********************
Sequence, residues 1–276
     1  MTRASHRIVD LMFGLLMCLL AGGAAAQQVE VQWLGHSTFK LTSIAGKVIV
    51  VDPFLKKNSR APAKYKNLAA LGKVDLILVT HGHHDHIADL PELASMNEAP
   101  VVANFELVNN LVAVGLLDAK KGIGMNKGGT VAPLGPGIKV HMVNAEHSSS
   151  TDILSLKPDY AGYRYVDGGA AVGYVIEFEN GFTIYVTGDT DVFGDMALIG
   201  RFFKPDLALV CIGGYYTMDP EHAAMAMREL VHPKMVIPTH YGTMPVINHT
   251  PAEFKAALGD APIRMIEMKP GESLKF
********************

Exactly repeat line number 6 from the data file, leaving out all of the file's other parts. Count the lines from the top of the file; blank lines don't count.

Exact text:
   201  RFFKPDLALV CIGGYYTMDP EHAAMAMREL VHPKMVIPTH YGTMPVINHT